People need to be on their guard against financial and legal scams following a rise in cases reported to the Citizens Advice consumer service. Citizens Advice Newcastle is now showing people how to spot scams as it launches Scams Awareness Month.
A total of 1200 financial and legal scams were reported to the consumer service in the year ending April 2018 - a 6% increase on the year before.
The median loss for these scams was £330.
A range of investments scams were reported to the consumer service, including:
Cryptocurrency - Fake websites claim to offer cryptocurrency investments, like Bitcoin. Often, scammers will pretend that household names have endorsed the company to give it some legitimacy.
Binary options - Scammers pose as stockbrokers and get you to place bets on whether phoney shares will rise or fall within a certain date. They’ll promise big returns. You should check if they are on the FCA Register and not on the warning list of firms to avoid.
Holiday timeshares - Scammers promise to buy your membership off you for an advanced fee.
Bogus solicitors - A scammer will intercept emails from a legitimate solicitor and pose as them. Scammers often strike when a property is being exchanged on and get the funds diverted to their bank account instead. Check if they are on the Solicitors Regulation Authority to see if they are genuine.
Shona Alexander, Chief Executive of Citizens Advice Newcastle said:
“Scammers can make for convincing white collar professionals, especially online, and are skilled at persuading people they are legitimate.
“The stakes are high with financial and legal scams as you can end up losing your savings or pension fund, which can put your long-term financial stability at risk.
“When you get approached about any investment, don’t rush into anything without making sure it’s legitimate first, particularly when you’re contacted out of the blue.”
To help stop more people being fleeced by these types of scams, Citizens Advice Newcastle is sharing tips on how to spot them:
Citizens Advice Newcastle and Trading Standards held an event to help people know when they’ve been targeted with a scam.
The event is part of Scams Awareness Month in June, a national campaign encouraging people to report and talk about scams.
People learnt about the common signs of a scam, such as receiving an offer that sounds too good to be true or being told to pay an advance fee for an item or service.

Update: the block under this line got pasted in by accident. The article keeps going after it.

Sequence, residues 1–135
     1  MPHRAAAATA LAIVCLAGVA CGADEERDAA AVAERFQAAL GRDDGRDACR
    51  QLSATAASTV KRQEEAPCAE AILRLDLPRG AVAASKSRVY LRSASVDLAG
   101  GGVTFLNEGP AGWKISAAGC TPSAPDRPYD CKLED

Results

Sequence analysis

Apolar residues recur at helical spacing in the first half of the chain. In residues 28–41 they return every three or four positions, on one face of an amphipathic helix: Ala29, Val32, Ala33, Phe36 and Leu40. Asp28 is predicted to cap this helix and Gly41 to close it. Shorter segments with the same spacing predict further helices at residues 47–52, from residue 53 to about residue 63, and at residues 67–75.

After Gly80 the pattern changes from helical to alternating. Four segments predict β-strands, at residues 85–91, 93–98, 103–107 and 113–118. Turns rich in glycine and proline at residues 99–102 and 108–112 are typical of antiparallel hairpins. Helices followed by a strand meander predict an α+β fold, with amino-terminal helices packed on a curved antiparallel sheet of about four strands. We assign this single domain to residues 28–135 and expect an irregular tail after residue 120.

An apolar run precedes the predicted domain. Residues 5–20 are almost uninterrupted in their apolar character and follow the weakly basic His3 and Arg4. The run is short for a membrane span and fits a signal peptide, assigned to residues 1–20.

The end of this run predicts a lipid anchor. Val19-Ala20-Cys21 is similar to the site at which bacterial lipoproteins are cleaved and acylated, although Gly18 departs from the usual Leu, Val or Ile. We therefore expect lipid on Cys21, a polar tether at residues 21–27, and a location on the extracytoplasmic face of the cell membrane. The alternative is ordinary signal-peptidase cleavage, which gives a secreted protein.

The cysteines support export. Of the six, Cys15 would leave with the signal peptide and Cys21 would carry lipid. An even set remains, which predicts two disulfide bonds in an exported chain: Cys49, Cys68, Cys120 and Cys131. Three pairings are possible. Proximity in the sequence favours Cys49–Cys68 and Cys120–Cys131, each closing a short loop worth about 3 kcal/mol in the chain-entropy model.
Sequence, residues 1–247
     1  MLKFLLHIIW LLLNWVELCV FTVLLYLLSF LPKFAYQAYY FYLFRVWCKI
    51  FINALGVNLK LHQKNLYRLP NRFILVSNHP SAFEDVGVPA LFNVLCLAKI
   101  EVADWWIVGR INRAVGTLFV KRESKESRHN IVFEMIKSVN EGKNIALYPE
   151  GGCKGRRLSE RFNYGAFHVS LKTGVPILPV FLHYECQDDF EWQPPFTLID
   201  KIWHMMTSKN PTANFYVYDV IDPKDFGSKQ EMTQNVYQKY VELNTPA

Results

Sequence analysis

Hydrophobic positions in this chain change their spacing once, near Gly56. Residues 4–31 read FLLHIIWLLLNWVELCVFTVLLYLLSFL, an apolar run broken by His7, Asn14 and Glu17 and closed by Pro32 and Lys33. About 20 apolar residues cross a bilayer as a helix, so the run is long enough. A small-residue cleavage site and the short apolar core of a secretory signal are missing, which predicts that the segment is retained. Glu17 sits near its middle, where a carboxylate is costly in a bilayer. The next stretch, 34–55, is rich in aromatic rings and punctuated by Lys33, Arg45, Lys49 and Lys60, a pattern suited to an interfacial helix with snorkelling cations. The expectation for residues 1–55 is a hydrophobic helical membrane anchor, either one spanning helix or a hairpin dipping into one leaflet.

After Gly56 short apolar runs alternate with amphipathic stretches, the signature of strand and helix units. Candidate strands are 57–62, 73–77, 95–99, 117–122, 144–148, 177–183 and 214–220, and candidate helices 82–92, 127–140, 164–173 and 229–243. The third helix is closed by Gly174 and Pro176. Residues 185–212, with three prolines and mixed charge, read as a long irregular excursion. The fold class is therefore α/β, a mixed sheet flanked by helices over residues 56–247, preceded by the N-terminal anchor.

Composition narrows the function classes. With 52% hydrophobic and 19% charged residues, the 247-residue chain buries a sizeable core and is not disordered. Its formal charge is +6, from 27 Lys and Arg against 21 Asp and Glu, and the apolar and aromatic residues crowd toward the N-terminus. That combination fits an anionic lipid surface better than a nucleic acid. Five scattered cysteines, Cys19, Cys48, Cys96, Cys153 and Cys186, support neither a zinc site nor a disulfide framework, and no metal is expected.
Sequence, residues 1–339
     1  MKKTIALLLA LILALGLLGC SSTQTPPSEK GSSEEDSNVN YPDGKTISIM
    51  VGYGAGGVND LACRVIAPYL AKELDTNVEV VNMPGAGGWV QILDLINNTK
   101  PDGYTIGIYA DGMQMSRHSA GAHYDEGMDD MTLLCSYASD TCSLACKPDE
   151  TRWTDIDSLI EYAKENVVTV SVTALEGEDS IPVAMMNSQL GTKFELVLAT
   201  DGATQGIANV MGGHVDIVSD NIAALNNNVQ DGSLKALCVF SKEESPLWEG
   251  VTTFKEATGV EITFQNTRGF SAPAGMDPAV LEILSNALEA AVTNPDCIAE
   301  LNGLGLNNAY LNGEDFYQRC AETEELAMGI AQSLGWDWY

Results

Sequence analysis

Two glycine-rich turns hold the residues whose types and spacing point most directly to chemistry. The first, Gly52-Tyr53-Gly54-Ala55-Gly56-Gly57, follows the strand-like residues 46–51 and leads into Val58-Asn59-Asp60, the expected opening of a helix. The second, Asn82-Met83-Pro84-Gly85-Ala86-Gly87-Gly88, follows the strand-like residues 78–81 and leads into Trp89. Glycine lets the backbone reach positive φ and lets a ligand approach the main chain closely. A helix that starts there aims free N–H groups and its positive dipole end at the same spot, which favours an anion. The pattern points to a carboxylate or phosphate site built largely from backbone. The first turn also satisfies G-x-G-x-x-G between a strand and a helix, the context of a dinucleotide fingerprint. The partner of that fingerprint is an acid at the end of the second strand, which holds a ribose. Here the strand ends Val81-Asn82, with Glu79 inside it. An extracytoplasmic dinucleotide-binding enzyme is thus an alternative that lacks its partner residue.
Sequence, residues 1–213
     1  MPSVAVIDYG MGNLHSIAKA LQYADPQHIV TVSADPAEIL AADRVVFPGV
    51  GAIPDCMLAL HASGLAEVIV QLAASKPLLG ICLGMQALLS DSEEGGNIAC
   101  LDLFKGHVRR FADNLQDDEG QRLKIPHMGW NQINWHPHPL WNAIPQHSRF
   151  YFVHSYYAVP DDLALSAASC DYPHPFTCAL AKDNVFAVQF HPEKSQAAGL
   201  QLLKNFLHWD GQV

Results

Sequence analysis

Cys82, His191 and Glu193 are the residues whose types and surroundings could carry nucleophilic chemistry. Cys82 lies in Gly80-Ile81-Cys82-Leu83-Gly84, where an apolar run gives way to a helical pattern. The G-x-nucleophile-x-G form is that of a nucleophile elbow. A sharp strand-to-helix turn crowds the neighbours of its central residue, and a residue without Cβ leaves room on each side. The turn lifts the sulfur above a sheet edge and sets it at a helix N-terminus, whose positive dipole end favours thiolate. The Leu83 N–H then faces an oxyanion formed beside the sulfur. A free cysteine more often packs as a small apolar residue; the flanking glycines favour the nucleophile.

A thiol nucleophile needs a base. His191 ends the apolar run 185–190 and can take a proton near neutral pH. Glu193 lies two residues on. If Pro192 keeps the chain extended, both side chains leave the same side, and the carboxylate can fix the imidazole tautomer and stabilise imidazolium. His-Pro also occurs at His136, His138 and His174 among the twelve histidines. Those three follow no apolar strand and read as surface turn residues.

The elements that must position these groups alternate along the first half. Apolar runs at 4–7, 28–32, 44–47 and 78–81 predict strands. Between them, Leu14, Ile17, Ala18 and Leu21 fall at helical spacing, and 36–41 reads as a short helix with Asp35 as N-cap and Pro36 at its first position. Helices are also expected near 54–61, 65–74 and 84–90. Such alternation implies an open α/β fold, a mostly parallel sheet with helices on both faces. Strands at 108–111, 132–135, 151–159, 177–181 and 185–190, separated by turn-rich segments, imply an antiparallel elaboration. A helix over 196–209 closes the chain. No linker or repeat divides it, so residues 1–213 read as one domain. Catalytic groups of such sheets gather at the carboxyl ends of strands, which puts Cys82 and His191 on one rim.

Attendees were also encouraged to report scams so that the police can take action and they can get advice on how to try and get their money back.
The event took place on the 6th June at the Grainger Market.
Nicola Diston, Energy and Consumer Champion at Citizens Advice Newcastle, said:
‘Don’t miss a trick, be scams aware’ is our message to people.
“While there might be new scams cropping up all the time, the tactics of scammers remain the same. From getting contacted out of the blue to being pressured to sign up to a deal on the spot, our event will reveal the tell-tale signs of a scam that people need to keep an eye out for.
“While all of us can have the bad luck of being targeted with a scam, we hope this event will stop more scammers from running off with people’s money.”
Cllr Nick Kemp, Cabinet Member for Environment said:
“All scams have the same impact, which is exploiting people. New technology means the advance of new scams.
“The basic principle remains the same, if something sounds too good to be true, then it almost certainly will be.
“The City Council works closely with Citizens Advice Newcastle to highlight scams and make sure people are aware of their impact, how to report them and seek advice if necessary”
If people are in doubt about whether or not an offer is genuine, they should contact the Citizens Advice consumer service or their local Citizens Advice.
If people have been scammed they should report it to Action Fraud.
(left to right) Nicola Diston, Cllr Nick Kemp, Cllr Karen Kilgour and Neil Duffy
(left to right) Nicola Diston and Neil Duffy
(left to right) Cllr Nick Kemp, Nicola Diston, Cllr Karen Kilgour and Neil Duffy